• Energy Tax Facts
  • 16 Aug 13

Detroit News (Op-Ed): Overtaxing energy industry could slow economy

The energy industry is adding to the U.S. economic recovery with the International Energy Agency predicting that we will be the largest producer of crude oil by 2020. The unemployment rate in North Dakota is 3.1 percent and 3.9 percent in South Dakota due to the expanding oil industry.

Yet the Obama administration continues to call for selective tax increases on the oil industry that would hamper this economic engine. While there is good reason to simplify the tax code, the administration is instead targeting a particular industry.

One example is the repeal of what is known as intangible drilling costs, such as site preparation, that can be up to 80 percent of the cost of a well. This deduction has been available since 1913 and its repeal would increase oil prices and discourage domestic exploration.

A second example is the repeal for only oil and gas companies of a deduction that Congress enacted in 2004. The deduction is available for domestic production for manufacturing for a number of industries, including extractive ones. While one may question whether the Section 199 deduction is efficient tax policy, it surely is not efficient to eliminate it for one particular industry.

A third example is the re-enactment of Super Fund taxes that would fall most heavily on the oil and gas industry although its products are not responsible for a significant portion of Superfund liability.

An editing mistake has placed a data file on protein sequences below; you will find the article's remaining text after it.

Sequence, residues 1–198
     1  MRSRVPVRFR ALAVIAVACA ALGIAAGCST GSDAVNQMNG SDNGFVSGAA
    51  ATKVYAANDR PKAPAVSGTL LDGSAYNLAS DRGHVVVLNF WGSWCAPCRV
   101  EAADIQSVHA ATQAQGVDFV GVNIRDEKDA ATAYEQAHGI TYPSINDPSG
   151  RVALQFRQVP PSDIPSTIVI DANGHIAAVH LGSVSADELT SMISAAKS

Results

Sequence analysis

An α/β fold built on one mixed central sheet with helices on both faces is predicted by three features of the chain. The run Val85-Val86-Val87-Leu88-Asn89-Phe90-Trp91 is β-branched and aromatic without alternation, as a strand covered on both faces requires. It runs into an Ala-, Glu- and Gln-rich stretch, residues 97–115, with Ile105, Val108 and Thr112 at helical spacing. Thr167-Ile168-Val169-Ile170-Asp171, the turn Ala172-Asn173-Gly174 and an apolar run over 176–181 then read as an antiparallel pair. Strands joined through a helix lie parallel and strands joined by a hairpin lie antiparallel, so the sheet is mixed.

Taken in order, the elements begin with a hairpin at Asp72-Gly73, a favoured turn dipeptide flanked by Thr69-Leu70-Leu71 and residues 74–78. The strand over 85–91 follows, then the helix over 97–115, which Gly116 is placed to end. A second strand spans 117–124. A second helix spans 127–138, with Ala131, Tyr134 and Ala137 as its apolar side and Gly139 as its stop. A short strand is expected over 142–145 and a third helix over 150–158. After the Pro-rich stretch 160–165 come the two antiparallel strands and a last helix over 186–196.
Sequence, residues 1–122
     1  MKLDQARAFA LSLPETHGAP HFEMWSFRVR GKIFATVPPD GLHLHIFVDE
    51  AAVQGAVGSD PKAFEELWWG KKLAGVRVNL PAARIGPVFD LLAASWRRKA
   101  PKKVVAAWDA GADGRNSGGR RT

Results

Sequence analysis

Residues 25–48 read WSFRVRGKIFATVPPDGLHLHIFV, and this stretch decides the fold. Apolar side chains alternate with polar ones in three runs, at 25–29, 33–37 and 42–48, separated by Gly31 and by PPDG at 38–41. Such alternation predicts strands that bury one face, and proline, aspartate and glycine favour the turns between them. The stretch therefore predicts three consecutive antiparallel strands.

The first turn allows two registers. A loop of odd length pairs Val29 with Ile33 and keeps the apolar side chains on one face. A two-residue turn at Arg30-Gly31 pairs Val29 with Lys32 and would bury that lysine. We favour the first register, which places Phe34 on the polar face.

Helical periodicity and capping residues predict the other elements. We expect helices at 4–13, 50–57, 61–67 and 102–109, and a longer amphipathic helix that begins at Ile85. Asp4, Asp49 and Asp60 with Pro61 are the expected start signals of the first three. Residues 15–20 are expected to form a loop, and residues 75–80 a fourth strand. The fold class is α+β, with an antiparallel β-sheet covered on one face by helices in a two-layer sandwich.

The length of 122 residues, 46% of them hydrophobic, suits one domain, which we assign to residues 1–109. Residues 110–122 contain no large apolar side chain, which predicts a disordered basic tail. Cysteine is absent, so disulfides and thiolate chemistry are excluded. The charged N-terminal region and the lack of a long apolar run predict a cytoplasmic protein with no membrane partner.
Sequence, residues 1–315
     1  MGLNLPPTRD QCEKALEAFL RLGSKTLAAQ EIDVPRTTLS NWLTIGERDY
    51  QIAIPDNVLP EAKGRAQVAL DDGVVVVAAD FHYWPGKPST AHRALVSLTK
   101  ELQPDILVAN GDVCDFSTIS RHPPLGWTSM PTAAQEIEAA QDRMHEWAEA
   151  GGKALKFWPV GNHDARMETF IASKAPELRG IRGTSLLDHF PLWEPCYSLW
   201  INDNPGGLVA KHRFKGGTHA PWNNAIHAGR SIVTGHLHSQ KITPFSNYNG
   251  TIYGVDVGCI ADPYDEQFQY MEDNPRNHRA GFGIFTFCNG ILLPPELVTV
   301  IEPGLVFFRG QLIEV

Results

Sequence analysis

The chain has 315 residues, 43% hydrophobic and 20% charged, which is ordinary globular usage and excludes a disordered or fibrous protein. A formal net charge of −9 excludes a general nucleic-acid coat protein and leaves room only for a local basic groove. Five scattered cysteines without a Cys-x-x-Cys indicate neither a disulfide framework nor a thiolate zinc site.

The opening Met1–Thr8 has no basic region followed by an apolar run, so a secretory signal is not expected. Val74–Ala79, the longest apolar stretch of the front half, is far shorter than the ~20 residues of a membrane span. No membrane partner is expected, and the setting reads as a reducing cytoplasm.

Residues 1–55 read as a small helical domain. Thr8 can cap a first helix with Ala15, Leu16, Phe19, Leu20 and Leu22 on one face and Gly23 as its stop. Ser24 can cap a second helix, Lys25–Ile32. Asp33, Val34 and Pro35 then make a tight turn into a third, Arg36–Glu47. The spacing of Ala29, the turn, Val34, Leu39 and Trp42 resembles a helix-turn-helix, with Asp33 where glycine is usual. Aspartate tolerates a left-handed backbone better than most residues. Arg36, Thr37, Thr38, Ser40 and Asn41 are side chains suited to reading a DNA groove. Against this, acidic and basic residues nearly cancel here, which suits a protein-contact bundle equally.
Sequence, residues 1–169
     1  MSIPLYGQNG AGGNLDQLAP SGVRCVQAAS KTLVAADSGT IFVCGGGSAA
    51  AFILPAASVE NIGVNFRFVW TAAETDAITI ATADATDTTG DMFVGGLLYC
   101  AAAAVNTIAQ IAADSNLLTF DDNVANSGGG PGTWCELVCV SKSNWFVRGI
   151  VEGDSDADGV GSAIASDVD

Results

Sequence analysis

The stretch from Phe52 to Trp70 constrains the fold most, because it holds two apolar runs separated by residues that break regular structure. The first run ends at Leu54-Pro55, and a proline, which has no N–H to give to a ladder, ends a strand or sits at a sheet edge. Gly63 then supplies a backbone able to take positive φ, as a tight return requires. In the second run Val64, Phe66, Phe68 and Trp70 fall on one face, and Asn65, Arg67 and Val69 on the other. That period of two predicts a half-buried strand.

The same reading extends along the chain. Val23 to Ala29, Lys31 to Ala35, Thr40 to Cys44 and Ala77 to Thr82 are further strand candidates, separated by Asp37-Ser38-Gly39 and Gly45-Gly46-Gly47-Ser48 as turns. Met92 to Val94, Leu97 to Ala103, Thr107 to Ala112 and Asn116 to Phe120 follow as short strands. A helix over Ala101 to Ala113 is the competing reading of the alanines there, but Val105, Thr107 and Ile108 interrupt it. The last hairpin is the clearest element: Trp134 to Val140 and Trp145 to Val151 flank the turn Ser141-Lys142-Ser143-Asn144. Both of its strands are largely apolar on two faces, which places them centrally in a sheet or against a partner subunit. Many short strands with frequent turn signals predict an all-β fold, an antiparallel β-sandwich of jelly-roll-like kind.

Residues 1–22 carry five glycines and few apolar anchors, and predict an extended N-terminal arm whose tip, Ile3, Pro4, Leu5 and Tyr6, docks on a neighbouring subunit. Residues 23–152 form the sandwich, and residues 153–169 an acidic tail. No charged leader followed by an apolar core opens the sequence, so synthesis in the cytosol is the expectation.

There are several other components to the administration’s selective taxation of the oil and gas industry, leading to a total cost of more than $90 billion. It does not make sense to impose taxes on an industry that is helping a economy struggling to grow.

More than four years into the recovery, the economy has grown at less than 2 percent in each of the last three quarters.

Much of the problem is due to uncertainty in what the rules of the game are, thus discouraging domestic investment. The uncertainty of governmental actions is a significant reason that investment as a percentage of gross domestic product has fallen from 18.2 percent in the second quarter of 2002 to 15.7 percent in the last quarter.

Oil and gas exploration has bucked this trend. Yet the administration continues to single out the industry for increased taxation, threatening to further dampen the economic recovery.